The music we play, chamber music for small ensembles, was never originally intended for the concert hall. Its original audience was smaller groups of people gathered in private homes. We have been experimenting with ways of bringing live music back into everyday life on a small scale. We call these experiments “Pop-Up Concerts” and they pop up whenever we have an idea or an opportunity.
The annual Culture Days weekend at the end of September is a national event filled with free presentations by many different cultural organizations across the country. The Schoen Duo Studio offers free events on Culture Days: Suzuki Early Childhood Education and Creative Ensemble Lab “taster” classes, and a pop-up concert featuring our latest works in progress. The September 2018 Culture days events were at La Cité Francophone. The concert portion featured a set of our trademark layered compositions using the loop station, including the first completed section of the River Crossing Soundscape.
Front Porch Concerts:
Our first pop-up concert experiment was using our front porch as a live music venue , as part of MakeSomethingEdmonton’s 100 in 1 day event. The front porch was the space between street busking and in-house concerts. We invited people to sit on the grass or bring a lawn chair and enjoy a short concert on our own front porch. Every year since then we have had our annual Front Porch Concert on the first Saturday of June.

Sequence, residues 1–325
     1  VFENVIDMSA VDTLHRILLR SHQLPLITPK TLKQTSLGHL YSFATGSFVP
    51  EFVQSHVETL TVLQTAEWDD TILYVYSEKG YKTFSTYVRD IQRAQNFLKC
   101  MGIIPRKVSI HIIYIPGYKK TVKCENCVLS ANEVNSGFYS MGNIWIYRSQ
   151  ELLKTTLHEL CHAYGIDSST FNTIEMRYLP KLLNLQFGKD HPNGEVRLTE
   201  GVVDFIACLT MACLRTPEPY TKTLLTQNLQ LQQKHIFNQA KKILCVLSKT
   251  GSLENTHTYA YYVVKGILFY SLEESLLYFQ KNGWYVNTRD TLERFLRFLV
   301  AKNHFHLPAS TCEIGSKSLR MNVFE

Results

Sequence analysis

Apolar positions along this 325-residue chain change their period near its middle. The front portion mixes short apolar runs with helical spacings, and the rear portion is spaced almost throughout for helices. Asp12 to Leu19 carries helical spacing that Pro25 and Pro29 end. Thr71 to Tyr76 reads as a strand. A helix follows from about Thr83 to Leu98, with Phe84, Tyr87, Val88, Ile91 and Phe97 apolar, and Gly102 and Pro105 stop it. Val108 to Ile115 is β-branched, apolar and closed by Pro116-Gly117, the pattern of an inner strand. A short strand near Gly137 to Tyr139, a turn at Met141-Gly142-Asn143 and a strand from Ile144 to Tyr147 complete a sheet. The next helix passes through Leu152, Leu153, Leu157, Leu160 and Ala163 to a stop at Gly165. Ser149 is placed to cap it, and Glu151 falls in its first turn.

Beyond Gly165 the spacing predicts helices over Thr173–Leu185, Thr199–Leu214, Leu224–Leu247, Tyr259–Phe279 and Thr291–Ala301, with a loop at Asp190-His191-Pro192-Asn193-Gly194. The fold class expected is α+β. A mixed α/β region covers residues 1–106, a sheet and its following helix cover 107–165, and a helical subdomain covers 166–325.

Update: We were pleased to notice that the Kaleido Festival had also embraced the “Front Porch Concert” idea, hosting several small performances in front yards in the festival neighbourhood during September. But Ithaca, New York, has been hosting a “Porchfest” since 2007!
Cats in the Kitchen:
Our second experiment was the “Cats in the Kitchen ” concert at the King Edward Park Small Hall. This community hall featured a long kitchen counter along one side of the room, perfect for setting up an array of kitchen items that were used to create the percussion track for the title piece, Philip Bimstein’s “Cats in the Kitchen”. Audience members were invited to experiment with the sounds of beating eggs, slicing bread, and toaster timers before hearing them presented by the composer in the piece.
In the planning stages (watch this space for announcements and details!):
- Flower concert in a garden, using the symbolic language of flowers
- Community concert, inviting our students to join us for few pieces
- Beer concert in October, featuring German music
- Cats in the Kitchen at a pet adoption centre
- Environmental sound music concert in both natural and urban spaces